Tennis Borussia Berlin Mommsenstadion 15,005 1902 Berliner Tennis Club Borussia 1902
SV Tasmania Berlin Sportpark Neukölln 3,500 1900 Rixdorfer FC Tasmania
Türkiyemspor Berlin Willy-Kressmann-Stadion 5,000 1978 BFC Izmirspor
TuS Makkabi Berlin Maifeld Olympiastadion 2,500 1898 Turn- und Sportverein Makkabi Berlin
1. FC Union Berlin Stadion An der Alten Försterei 22,012 1906/1966 SC Olympia 06 Oberschönweide
FC Viktoria 1889 Berlin Stadion Lichterfelde 4,300 1889/1892 BFC Viktoria 1889/Lichterfelder FC

Major Competitions[edit]

1936 Summer Olympic Games[edit]

Football at the 1936 Summer Olympics in Berlin saw group games and quarter-finals held at three venues in the capital: the Poststadion, the Mommsenstadion and the Stadion am Gesundbrunnen (home to Hertha between 1924 and 1974). All games after the quarter-finals were held at the Olympic Stadium, and Italy beat Austria 2-1 in the final on 15 August.[18]

1974 FIFA World Cup Group A[edit]

Group A at the 1974 FIFA World Cup featured three matches at Berlin's Olympic Stadium, all involving Chile, against West Germany, East Germany and Australia. West Germany won 1-0, although the other matches were draws, the infamous match between the two German teams, however, was played in Hamburg.

2006 FIFA World Cup Final[edit]

The 2006 FIFA World Cup Final was held on 9 July 2006 at Berlin's Olympiastadion to determine the winner of the 2006 FIFA World Cup. Italy beat France in a shootout after the match finished 1–1 after extra time. France's Zinedine Zidane was sent off in his last-ever match, for headbutting Italy's Marco Materazzi's chest in retaliation to verbal insults.

According to FIFA, 715.1 million individuals globally watched the final match of this tournament.[19] IPG's independent media agency Initiative Worldwide estimated a 260 million people viewership.[20] The independent firm Initiative Futures Sport + Entertainment estimates it at 322 million viewers.[21]

2015 UEFA Champions League Finals[edit]

In May 2013, the Olympiastadion was chosen as the venue for the 2015 UEFA Champions League Final.[22] In July 2014, it was announced that Berlin would also be the host for the 2015 UEFA Women's Champions League Final. The women's final was played at the Friedrich-Ludwig-Jahn-Sportpark.[23]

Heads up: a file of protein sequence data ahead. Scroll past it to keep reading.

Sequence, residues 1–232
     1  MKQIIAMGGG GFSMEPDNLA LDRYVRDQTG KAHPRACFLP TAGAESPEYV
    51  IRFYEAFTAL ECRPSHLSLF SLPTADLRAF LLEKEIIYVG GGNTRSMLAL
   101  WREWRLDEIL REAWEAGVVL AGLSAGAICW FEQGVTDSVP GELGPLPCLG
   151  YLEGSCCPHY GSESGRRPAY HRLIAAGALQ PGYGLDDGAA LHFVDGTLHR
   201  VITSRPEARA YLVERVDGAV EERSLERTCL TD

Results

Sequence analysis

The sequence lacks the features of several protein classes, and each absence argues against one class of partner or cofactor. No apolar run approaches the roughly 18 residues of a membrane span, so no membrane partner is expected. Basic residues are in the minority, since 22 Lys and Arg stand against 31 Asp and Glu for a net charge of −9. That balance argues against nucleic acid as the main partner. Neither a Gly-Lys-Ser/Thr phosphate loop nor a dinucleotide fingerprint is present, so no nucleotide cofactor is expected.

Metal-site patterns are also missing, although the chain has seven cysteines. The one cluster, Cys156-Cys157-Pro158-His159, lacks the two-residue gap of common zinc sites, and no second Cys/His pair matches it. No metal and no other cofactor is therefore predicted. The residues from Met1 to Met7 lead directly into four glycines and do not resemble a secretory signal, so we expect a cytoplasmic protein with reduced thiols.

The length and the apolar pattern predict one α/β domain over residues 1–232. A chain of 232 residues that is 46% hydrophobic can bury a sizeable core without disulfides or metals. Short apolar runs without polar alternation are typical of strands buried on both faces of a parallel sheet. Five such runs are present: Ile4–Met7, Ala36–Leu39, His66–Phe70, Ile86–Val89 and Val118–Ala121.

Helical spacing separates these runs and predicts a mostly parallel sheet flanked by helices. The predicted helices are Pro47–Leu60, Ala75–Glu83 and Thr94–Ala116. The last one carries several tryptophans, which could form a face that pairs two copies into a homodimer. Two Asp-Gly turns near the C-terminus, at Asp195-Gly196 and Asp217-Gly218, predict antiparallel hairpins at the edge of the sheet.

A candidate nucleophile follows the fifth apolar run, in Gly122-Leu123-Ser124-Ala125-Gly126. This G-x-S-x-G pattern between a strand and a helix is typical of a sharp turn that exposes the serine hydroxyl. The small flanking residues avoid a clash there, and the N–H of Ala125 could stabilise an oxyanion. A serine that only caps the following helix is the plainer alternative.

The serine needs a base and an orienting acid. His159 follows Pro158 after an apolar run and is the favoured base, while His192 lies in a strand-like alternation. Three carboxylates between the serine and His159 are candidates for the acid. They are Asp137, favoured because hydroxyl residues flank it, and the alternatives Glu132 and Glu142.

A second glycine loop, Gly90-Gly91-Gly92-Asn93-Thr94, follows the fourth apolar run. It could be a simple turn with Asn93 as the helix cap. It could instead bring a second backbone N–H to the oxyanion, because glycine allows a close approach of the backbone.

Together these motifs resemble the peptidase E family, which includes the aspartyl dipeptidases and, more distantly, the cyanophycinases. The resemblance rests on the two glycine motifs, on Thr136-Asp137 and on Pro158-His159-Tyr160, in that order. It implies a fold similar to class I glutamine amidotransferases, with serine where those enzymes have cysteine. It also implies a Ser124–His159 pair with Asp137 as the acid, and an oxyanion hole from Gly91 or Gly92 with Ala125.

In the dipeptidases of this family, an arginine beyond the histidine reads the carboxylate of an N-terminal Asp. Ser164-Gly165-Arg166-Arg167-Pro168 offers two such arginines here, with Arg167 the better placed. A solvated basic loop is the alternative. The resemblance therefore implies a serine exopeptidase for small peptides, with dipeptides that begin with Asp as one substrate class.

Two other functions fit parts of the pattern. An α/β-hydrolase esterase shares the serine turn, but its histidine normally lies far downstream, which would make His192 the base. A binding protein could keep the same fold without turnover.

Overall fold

The 2015 UEFA Champions League Final was the final match of the 2014–15 UEFA Champions League, the 60th season of Europe's premier club football tournament organised by UEFA, and the 23rd season since it was renamed from the European Champion Clubs' Cup to the UEFA Champions League. It was played on 6 June 2015,[24] between Italian side Juventus and Spanish side Barcelona. Barcelona were the winners, beating Juventus 3–1 to gain their fifth trophy in the competition.[25][26]

The 2015 UEFA Women's Champions League Final was played on 14 May 2015.[27] Unlike recent years in which the Women's Champions League final was held in the same week as the men's Champions League final, the two finals were separated by almost a month.[28] German side 1. FFC Frankfurt defeated French side Paris 2–1 in the final to win a record fourth title.[29]

Berlin derbies[edit]

Main Berlin derby is between Hertha BSC and 1. FC Union Berlin.

See also[edit]


  1. ^ "500,000 spectators to watch the game together". Archived from the original on 22 March 2012. Retrieved 6 September 2012. 
  2. ^
  3. ^
  4. ^
  5. ^
  6. ^
  7. ^ Union Berlin
  8. ^ Union Berlin fans celebrate club's 50th birthday in style
  9. ^
  10. ^
  11. ^
  12. ^
  13. ^ Reuters (28 July 2007). "Viktoria Berlin win 1894 final, 113 years late". ESPN. 
  14. ^
  15. ^ שוב אנטישמיות בגרמניה: קריאות "גז ליהודים" לשחקני מכבי ברלין. Ynet (in Hebrew). 7 October 2006. 
  16. ^ Ahrens, Peter (12 December 2006). "Antisemitismus im Fußball: Milde Strafe für Judenhass". Der Spiegel (in German). Retrieved 26 February 2014. 
  17. ^ "Germany: National Futsal Cup". Futsal Planet. 
  18. ^
  19. ^ "TV Data". – About FIFA – Organisation – Marketing – Facts and Figures. FIFA. Archived from the original on 24 November 2009. Retrieved 24 November 2009. The final Italy – France [had] a global cumulative audience of 715.1 million viewers. 
  20. ^ International
  21. ^ World Cup final ‘will vie for record of second most-watched event in human history’ « Sporting Intelligence
  22. ^ "Berlin to Host 2015 Final in Olympic Stadium". Der Spiegel. 23 May 2013. Retrieved 26 February 2014.  |first1= missing |last1= in Authors list (help)
  23. ^
  24. ^ "2014/15 calendar and access list". Union of European Football Associations. Retrieved 14 February 2015. 
  25. ^ McNulty, Phil. "Juventus 1–3 Barcelona". BBC Sport. Retrieved 6 June 2015. 
  26. ^ Murray, Scott. "Champions League: 9.56pm". The Guardian. Retrieved 6 June 2015. 
  27. ^ "Friedrich-Ludwig-Jahn-Sportpark to stage final". 16 July 2014. 
  28. ^ "Executive Committee decides hosts for 2015 finals". UEFA. 23 May 2013. Retrieved 30 May 2014. 
  29. ^ "Islacker strikes to give Frankfurt the crown". 14 May 2015. 

External links[edit]

Media related to Association football in Berlin at Wikimedia Commons